Posted: January 9, 2002
MIDDLEBURY, VT - Deborah Tannen, linguist and best-selling author of "You Just Dont Understand: Women and Men in Conversation," will speak at Middlebury College on Thursday, Jan. 24, at 7:30 p.m. in Mead Chapel on Hepburn Road off College Street (Route 125). Her talk, "She Said/ He Said/ They Said: Communication Across Genders and Cultures," will be the John Hamilton Fulton Memorial Lecture in the Liberal Arts. The lecture is free and open to the public.
"You Just Dont Understand" (1992) was on The New York Times best-seller list for nearly four years, including eight months in the number-one slot, and has been translated into 26 languages. It was also on best-seller lists in Brazil, Canada, England, Germany, Holland and Hong Kong. Alison Byerly, Middlebury College acting provost, said, "Were honored to have Deborah speak here since this is the book that brought gender differences in communication style to the forefront of public awareness."
Tannens other books include "Talking from 9 to 5: Women and Men in the Workplace: Language, Sex, and Power" (1995) and "The Argument Culture" (1998). "I Only Say This Because I Love You," her new book about family communication, was published last year.
Tannen is a frequent guest on television and radio. "The NewsHour with Jim Lehrer," "20/20," "48 Hours," CBS News, "ABC World News Tonight," "Oprah," "Good Morning America," CNN, "Hardball," "Larry King," and NPR are among the shows and networks on which she has appeared. She has been featured in and written for most major newspapers and magazines, including The New York Times, Time, Newsweek, USA Today, People, The Washington Post and The Harvard Business Review.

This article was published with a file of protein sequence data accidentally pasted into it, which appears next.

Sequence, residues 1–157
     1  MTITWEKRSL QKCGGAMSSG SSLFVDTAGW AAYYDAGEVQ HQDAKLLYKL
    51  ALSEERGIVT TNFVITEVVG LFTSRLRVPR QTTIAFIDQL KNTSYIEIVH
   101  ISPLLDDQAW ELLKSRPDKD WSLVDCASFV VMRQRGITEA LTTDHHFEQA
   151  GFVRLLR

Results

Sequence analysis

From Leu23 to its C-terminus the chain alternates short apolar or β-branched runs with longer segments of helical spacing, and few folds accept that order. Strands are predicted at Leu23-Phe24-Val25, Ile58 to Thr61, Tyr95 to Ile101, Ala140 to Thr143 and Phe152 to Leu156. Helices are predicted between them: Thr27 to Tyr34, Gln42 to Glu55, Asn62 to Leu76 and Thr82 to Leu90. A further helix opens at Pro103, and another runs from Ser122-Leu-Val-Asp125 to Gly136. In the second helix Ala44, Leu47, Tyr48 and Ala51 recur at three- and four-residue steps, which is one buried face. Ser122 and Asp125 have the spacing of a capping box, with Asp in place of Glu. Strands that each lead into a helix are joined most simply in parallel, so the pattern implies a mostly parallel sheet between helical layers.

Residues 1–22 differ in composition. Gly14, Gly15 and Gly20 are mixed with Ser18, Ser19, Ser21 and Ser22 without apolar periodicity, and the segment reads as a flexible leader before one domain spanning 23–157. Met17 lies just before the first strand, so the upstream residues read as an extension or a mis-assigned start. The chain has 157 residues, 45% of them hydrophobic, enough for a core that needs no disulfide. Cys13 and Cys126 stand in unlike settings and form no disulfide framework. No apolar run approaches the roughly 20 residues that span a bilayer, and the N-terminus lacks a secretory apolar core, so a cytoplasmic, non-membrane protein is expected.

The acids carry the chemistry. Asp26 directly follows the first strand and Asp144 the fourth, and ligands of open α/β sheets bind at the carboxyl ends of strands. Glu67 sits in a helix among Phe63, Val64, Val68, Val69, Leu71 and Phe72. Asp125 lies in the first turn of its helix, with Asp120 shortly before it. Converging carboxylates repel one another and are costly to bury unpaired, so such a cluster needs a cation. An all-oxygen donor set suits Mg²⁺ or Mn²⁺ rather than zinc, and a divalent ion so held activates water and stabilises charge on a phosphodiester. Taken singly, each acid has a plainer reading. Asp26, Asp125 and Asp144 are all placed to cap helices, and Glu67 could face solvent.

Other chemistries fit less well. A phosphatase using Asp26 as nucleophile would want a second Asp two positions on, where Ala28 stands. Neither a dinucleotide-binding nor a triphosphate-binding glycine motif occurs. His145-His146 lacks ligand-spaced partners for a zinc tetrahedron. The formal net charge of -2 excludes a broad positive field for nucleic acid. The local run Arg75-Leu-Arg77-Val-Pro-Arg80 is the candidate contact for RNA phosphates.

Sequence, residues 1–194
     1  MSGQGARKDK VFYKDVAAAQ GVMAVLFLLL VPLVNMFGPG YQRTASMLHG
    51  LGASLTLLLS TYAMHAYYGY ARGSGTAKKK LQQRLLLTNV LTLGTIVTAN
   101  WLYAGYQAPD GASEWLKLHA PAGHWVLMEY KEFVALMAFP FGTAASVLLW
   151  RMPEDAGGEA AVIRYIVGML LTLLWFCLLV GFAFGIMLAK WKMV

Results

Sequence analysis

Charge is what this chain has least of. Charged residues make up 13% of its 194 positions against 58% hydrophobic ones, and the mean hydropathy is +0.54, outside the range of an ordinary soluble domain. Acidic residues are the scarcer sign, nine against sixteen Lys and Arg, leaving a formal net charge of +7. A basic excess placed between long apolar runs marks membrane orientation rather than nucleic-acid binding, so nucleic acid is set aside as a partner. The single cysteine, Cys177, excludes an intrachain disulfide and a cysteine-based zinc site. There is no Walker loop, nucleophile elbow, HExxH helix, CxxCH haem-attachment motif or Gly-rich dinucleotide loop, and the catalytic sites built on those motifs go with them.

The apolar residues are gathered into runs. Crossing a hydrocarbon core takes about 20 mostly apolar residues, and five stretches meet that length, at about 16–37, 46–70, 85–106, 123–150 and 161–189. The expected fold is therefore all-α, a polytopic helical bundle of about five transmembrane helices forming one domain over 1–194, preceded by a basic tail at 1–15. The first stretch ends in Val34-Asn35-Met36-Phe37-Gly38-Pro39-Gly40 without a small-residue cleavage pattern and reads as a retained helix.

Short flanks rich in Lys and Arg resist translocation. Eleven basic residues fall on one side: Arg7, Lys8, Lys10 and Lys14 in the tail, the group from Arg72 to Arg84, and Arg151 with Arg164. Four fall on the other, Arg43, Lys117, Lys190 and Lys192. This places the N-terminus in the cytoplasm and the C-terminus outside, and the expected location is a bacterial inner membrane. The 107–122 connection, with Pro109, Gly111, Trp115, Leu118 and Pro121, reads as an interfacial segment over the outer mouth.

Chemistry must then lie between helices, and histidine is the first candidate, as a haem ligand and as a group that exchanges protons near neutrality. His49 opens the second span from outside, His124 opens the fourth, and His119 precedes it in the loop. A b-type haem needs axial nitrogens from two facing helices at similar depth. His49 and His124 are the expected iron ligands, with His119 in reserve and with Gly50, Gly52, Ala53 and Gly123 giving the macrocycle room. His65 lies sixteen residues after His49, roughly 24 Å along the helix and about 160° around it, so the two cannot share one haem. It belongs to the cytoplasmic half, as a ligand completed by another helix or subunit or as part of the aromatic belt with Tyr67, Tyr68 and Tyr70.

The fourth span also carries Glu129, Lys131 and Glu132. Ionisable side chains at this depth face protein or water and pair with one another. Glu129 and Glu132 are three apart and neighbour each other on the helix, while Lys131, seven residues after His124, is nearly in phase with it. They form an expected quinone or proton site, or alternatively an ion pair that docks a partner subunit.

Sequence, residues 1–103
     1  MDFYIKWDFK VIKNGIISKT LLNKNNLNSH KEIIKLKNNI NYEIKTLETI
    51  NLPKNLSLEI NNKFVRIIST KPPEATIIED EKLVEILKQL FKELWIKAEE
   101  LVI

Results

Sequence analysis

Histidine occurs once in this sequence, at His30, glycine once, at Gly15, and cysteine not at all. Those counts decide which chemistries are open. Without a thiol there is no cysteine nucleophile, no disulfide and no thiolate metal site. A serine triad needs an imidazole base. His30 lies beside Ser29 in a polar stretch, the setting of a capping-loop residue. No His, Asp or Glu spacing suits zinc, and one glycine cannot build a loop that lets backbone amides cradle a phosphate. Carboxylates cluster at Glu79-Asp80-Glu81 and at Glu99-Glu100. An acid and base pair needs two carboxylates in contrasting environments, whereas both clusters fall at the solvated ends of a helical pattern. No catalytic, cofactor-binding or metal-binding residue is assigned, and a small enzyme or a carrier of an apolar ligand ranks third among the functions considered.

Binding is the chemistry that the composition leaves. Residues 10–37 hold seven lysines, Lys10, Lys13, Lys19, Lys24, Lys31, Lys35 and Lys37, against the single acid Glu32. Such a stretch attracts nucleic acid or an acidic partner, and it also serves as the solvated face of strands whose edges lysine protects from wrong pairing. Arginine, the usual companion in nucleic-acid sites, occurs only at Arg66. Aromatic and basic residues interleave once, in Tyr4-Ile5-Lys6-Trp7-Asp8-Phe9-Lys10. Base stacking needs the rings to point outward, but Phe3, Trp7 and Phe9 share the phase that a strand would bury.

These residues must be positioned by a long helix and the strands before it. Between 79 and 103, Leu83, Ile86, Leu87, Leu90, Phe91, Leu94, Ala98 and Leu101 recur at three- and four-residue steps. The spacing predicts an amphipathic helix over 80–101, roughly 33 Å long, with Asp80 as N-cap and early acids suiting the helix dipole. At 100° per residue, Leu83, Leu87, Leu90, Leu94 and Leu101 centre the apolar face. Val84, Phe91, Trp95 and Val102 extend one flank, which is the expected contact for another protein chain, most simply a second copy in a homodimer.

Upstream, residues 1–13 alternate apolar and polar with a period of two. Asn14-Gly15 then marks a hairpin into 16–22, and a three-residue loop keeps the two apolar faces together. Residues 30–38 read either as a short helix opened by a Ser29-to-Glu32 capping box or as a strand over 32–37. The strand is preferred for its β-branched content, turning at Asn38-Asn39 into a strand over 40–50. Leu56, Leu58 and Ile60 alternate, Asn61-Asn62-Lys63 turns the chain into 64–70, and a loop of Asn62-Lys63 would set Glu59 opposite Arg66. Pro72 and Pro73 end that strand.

Tannen is a member of the linguistics department faculty at Georgetown University, where she is one of only four who hold the rank of University Professor. She has been McGraw Distinguished Lecturer at Princeton University, and was a fellow at the Center for Advanced
Study in the Behavioral Sciences in Stanford, Calif., following a term in residence at the Institute for Advanced Study in Princeton, N.J. She has written 18 books and more than 85 articles and is the recipient of four honorary doctorates. She received her doctorate in linguistics from the University of California at Berkeley.
In addition to her linguistic research and writing, Tannen has published poetry, short stories and personal essays. Her first play, "An Act of Devotion," is included in "The Best American Short Plays: 1993-1994."
Tannen is donating her honorarium for this lecture to the emergency team of the Counseling Service of Addison County (CSAC). The CSAC emergency team of 10 therapists and three on-call psychiatrists responds to over 4,500 calls a year, and is available 24 hours a day, every day for psychiatric crises and in response to catastrophic events in the community. Her sister, Naomi Tannen, is director of development at the CSAC, where she has been a staff member since 1978.
information, contact Cathy Bilodeau in the office of the
Middlebury College executive vice president and provost at